Check out this interesting snipet from a little letter-to-the-editor from George Mason University Professor Donald J. Boudreaux (I highly recommend reading the original thing - here via CafeHayek):
Asked by your “pump patrol” reporter about rising gasoline prices, a motorist at a gasoline station noted that “My tank is actually way more than half full now. I’m topping it off because I’m sure the price will be even higher this weekend.” When your reporter then asked her “What do you think explains these rising prices?” she replied “Speculators.” Your reporter followed up with “Do you think they should be stopped?” The motorist responded immediately: “Of course! They’re criminal.”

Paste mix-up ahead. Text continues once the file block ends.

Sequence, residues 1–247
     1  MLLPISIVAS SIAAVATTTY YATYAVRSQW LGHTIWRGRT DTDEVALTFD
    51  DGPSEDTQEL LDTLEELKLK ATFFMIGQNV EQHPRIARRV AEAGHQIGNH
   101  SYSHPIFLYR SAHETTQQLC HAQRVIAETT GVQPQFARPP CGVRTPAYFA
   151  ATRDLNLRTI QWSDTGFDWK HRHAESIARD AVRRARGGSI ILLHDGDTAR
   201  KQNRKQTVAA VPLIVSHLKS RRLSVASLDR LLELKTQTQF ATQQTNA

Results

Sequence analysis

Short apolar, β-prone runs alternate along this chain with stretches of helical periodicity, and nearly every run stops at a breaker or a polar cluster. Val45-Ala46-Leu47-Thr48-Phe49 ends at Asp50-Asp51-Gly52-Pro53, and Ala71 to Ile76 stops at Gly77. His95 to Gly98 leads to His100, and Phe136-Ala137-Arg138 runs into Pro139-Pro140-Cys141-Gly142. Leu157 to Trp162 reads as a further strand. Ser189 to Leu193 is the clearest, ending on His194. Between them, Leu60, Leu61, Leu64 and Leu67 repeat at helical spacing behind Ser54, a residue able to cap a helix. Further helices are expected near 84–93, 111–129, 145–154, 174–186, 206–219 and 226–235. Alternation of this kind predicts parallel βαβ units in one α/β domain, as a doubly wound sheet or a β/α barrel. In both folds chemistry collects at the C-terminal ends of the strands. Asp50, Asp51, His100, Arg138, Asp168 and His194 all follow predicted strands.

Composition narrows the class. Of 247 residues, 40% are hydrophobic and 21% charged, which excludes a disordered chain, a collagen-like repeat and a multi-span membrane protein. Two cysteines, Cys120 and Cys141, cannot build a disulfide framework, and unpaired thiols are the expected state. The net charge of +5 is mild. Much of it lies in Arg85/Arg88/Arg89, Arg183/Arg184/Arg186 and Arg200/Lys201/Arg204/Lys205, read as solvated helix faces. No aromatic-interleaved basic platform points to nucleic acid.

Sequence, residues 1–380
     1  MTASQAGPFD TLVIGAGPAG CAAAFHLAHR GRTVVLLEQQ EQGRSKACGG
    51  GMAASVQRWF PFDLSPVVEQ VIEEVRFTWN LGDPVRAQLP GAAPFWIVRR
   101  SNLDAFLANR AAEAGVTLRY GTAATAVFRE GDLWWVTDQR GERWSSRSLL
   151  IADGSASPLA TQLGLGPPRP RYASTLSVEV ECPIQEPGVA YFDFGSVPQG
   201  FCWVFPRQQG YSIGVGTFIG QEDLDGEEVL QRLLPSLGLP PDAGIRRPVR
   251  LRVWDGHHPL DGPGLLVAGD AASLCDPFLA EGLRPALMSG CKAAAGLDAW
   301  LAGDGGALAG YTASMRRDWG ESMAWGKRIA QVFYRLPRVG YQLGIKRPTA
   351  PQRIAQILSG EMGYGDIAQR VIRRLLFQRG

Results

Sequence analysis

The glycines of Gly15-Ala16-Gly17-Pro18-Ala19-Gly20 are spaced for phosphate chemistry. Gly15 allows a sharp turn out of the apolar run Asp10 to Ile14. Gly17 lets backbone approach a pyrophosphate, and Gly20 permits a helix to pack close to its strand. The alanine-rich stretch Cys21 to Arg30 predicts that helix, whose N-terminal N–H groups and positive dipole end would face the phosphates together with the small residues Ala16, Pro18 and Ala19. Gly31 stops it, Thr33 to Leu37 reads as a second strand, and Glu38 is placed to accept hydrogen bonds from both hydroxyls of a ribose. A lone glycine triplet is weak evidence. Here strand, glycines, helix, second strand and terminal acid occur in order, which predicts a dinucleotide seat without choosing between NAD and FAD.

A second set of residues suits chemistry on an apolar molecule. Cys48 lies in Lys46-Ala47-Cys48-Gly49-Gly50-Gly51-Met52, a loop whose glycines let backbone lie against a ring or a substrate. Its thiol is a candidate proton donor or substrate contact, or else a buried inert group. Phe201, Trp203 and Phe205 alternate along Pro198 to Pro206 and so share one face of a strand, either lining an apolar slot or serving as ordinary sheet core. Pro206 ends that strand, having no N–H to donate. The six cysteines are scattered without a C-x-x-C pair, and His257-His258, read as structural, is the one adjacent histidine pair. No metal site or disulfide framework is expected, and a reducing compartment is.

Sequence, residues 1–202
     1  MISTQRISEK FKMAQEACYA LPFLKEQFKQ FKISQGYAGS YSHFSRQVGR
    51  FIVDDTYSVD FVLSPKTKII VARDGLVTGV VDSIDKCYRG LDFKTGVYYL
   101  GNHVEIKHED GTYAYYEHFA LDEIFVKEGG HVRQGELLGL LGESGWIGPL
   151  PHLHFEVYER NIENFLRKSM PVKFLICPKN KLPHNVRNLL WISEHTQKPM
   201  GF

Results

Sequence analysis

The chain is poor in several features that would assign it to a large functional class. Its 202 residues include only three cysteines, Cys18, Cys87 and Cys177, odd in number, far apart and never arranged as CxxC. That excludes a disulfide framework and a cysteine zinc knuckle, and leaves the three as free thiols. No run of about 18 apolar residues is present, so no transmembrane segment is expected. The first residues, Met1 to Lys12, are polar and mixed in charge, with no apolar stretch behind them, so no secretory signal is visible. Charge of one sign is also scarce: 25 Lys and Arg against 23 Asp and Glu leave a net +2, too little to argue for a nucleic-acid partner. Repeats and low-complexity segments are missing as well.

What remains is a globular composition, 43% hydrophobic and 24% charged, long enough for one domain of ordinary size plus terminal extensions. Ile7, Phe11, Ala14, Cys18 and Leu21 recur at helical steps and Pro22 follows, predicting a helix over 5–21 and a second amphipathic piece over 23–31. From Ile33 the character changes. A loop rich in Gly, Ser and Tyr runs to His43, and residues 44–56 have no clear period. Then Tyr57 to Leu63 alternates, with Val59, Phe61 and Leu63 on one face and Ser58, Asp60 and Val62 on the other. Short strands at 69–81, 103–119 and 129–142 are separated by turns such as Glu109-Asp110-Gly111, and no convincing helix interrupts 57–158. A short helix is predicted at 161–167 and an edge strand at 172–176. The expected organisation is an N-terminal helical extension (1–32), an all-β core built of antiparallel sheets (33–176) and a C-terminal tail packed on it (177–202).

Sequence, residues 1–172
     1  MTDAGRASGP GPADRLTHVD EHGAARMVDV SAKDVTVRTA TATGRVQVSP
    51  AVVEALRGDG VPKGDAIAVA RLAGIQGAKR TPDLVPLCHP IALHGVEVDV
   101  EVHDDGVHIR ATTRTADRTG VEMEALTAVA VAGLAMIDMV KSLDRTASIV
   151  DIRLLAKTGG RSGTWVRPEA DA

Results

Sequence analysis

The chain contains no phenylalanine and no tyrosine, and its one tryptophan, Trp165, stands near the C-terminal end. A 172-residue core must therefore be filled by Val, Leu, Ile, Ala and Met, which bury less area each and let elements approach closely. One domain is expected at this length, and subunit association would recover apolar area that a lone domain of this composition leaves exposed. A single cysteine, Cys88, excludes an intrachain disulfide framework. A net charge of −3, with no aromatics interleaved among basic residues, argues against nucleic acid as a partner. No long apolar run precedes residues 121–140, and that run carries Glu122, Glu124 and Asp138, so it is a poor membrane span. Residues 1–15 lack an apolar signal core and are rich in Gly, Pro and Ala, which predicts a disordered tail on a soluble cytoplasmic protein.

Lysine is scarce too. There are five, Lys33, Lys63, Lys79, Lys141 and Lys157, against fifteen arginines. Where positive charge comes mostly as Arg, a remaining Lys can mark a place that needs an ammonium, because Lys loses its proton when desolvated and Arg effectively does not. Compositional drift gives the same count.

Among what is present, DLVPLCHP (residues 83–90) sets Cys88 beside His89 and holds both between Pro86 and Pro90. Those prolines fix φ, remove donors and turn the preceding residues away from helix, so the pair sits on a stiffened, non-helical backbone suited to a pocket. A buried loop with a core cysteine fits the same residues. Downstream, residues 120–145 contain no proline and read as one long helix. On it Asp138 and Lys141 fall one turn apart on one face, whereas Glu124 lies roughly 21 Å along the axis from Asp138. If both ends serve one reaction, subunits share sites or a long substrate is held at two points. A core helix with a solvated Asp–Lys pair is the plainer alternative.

Speculating that the price of gasoline will rise, this motorist took action today – buying gasoline that she otherwise wouldn’t have bought today – that puts upward pressure on the price of gasoline today.
This is an interesting study in the importance of terms. The frequent use of the broad term "speculation" has obscured, at least to some extent, just what speculation means. In a similar fashion, the term "financial tools" has been used to obscure practices that are often unethical and/or criminal.
It's essential that we all put in the time to understand just what these terms mean in our modern political discourse. Otherwise, we will inevitably become far too reliant on the judgment of our politicians and members of the media.